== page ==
NYS Addresses Domestic Violence

NYS Addresses Domestic Violence

Published On: 

Monday, April 11, 2016

Domestic violence is difficult to track, often unreported, and has long-lasting impacts on affected individuals and families. However, New York State (NYS) is working toward a more comprehensive approach to counting victims and enacting legislation to support them.

Domestic Violence Victims, per 10,000 ResidentsNationwide, an estimated 1 in 4 women and 1 in 7 men have experienced violence by an intimate partner in their lifetime.[1] In the Mid-Hudson Valley, more than 3,500 people reported domestic violence in 2014, for a rate of 42 victims per 10,000 residents. That was just below the state (excluding NYC) rate of 44 per 10,000. Since 2011, the region’s rate has been close to the state rate. Of the three counties in the region, Dutchess had the lowest rate in 2014 (32), followed by Ulster (41), while Orange had a much higher rate than the region (50).

Since 2009, the rate of reported domestic violence in the region overall has increased 7%, as compared to a 4% decline at the state level. And at the county level, the changes have varied considerably.  The rate grew the most in Orange, increasing 33%, compared to an increase of 8% in Ulster and a decrease of 22% in Dutchess.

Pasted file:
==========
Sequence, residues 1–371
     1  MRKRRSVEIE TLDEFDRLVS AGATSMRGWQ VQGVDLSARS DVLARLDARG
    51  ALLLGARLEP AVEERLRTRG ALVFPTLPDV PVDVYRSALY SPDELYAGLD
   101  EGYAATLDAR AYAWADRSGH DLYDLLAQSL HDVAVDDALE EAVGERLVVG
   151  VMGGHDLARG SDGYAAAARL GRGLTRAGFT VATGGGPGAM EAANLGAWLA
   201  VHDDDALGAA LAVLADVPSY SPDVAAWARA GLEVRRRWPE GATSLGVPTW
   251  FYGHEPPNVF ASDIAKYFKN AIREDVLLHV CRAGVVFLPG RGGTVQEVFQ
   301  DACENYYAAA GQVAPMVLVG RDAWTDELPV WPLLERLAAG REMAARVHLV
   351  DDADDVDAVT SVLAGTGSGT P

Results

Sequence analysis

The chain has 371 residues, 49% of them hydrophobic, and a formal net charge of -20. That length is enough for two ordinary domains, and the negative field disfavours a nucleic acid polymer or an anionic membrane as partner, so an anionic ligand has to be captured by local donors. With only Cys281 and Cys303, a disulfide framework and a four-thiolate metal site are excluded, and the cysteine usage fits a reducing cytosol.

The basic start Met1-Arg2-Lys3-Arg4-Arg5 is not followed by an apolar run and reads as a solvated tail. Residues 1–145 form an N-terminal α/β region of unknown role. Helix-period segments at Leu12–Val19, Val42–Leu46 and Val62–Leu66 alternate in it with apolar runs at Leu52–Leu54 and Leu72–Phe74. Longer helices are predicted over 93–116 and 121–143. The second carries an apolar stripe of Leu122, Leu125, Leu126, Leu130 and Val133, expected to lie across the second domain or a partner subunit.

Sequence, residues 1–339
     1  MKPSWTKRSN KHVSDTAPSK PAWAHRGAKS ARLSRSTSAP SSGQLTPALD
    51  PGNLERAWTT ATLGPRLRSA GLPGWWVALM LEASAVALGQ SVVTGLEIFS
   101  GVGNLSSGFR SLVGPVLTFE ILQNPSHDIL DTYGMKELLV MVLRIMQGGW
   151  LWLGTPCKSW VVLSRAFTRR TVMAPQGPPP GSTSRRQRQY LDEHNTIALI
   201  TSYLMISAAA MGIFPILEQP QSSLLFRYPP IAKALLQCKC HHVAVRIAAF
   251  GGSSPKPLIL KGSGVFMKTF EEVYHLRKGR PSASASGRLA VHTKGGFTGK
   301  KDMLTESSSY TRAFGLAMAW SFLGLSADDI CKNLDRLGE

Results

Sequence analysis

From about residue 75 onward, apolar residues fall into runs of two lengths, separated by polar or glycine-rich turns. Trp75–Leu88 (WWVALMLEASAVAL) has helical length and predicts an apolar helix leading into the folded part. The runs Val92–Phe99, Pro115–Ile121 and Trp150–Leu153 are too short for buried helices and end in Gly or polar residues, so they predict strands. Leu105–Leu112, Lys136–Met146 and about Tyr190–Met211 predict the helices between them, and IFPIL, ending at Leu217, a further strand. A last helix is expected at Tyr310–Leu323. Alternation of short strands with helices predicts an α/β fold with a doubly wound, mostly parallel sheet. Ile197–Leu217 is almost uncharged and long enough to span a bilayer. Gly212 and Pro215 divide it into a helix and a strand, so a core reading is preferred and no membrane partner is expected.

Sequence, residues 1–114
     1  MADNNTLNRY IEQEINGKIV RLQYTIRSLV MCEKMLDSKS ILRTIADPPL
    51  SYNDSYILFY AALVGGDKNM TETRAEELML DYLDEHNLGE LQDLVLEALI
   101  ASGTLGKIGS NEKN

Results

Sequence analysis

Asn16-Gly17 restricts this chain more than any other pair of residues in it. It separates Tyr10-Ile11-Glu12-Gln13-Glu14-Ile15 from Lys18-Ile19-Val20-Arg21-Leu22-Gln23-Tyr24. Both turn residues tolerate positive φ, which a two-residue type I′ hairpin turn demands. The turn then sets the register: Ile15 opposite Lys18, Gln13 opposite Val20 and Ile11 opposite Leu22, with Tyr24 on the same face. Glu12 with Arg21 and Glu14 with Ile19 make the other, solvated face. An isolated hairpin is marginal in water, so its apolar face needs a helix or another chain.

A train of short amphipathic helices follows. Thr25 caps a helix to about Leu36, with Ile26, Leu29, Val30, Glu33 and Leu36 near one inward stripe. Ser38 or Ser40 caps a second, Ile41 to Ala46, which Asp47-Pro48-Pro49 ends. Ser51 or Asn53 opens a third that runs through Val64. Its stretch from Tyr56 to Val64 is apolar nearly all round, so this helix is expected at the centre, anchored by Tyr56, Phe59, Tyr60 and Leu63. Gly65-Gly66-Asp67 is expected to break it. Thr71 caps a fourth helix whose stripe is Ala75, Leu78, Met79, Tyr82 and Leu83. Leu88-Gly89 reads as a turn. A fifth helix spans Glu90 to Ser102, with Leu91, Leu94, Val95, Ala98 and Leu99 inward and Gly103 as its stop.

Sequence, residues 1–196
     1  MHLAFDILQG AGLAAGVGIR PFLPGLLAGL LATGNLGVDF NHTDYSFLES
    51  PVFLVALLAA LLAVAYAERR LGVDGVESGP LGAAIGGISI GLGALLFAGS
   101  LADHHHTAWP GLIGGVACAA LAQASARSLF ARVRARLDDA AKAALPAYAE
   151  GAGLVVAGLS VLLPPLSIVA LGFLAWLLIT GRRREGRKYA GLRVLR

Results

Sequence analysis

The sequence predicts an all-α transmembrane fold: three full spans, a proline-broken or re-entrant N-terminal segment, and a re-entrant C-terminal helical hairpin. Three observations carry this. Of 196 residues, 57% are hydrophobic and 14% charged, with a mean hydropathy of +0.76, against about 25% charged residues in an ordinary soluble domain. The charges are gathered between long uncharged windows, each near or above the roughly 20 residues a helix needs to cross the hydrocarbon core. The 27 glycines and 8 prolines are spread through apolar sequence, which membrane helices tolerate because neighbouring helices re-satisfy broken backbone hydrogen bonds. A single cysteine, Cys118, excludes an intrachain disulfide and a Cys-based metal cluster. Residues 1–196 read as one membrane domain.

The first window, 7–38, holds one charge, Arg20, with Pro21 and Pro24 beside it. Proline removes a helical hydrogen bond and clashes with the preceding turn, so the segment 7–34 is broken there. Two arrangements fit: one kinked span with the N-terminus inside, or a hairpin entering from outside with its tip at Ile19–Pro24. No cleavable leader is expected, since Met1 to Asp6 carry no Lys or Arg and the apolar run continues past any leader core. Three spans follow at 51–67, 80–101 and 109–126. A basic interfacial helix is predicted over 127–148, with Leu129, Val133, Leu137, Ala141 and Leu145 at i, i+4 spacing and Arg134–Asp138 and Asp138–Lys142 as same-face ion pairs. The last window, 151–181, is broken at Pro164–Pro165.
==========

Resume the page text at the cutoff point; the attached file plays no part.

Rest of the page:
In 2008, NYS changed its definition of domestic violence, expanding it to include same-sex and unmarried couples. While this important expansion of the definition allows for more accurate counting of victims, it also prevents assessing long-term trends using data prior to 2009.

In addition, the problem is historically underreported, with advocates estimating that as much as 70% of incidents may go unreported. Reasons for not reporting are myriad - a parent may be concerned about breaking up a family; a victim may not have the necessary financial resources to leave; and there is a stigma often associated with domestic violence.[2]

In October of 2015, NYS enacted domestic violence legislation as part of the Women’s Equality Agenda.  This included a law prohibiting housing discrimination aimed at victims who might otherwise be prohibited from renting, and a pilot program to allow victims to seek temporary orders of protection electronically vs. in-person. 

Domestic violence is often an undercurrent negatively affecting families and communities. Community concerns around safe neighborhoods and housing, job and workforce development, early childhood development, school attendance and achievement – all are impacted by domestic violence. For example, children in abusive homes are more likely to be either victims or abusers as adults, and adults experiencing abuse are more likely to miss time at work, leading to reduced earnings and lower chances of professional advancement.[3]

For more on domestic violence in the Mid-Hudson Valley, see our indicator.

 

[1] The National Domestic Violence Hotline, www.thehotline.org/resources/statistics

[2] Felson et. al., 2002: “Reasons for Reporting and Not Reporting Domestic Violence to the Police” http://onlinelibrary.wiley.com/doi/10.1111/j.1745-9125.2002.tb00968.x/abstract

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